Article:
Developers are often uncritical in their advocacy for a new technique: It solves one problem well, and they extrapolate that all their problems will be solved. Not only is this forgetting the “software is about communication” point made a moment ago, it’s almost certainly wrong for even the task of coding, which has enough variety to confound even the most elegant of approaches.
High-level management is even more prone to silver-bullet thinking. Software teams are expensive, and I’ve never known a team that hasn’t wasted at least a sprint confidently implementing exactly the wrong thing. As a software manager, you have to be the skeptic and, while accepting that things can improve, they probably won’t improve all that much.
If devs are uncritical about their tools, they are positively delusional in estimating their tasks. All software project managers have, at some early point in their career, laid a bunch of dev-provided estimates in a row (or perhaps in a fancy Gantt chart) and naively relayed the (very poor) estimate to upper management only to have it turn into a (very fixed) deadline.
Estimation is so difficult to get right that there is a vocal contingent that says that software project managers should refuse to provide them. While I agree with the idea of incrementally improving a potentially shippable product, I do not think it’s reasonable to expect that estimates can be eliminated. Companies have legitimate budgeting demands and, having worked at an observatory that synchronized the delivery, use, and evolution of scientific instruments on two 300-ton precision instruments, I’ve become skeptical of the idea that software development is so uniquely difficult that it should be exempt from scheduling.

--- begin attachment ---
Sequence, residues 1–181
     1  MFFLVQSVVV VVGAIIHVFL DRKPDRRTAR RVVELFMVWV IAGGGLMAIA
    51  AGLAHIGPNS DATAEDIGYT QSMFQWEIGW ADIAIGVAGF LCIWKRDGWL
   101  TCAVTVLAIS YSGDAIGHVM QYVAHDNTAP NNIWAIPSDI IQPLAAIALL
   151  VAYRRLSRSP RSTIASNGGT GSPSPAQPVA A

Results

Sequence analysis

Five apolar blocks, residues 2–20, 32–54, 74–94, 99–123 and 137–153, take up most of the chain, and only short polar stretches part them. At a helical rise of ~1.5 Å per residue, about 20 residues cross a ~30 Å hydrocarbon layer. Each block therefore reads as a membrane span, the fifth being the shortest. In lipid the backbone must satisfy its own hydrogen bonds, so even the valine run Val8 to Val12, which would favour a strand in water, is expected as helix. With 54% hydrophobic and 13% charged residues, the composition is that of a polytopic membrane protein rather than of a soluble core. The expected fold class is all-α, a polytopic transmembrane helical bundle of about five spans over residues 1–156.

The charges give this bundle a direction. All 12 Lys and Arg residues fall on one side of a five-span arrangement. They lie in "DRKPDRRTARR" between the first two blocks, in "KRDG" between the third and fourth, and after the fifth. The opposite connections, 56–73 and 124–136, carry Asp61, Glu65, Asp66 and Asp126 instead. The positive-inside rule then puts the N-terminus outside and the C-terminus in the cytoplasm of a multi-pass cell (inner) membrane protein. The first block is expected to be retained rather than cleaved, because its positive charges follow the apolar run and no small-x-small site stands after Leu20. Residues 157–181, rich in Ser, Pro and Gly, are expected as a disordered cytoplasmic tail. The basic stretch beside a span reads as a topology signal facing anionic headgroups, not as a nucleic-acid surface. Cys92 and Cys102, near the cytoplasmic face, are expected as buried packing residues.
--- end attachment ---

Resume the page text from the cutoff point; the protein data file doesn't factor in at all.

I’ve found function-point analysis to be the best technique for large-system estimation and group-sourced techniques (such as Delphi or planning poker) best for small-scale and specific tasks. My favorite books on the subject are “Software Estimation: Demystifying the Black Art” by Steve McConnell and “Function Point Analysis: Measurement Practices for Successful Software Projects” by Garmus and Herron.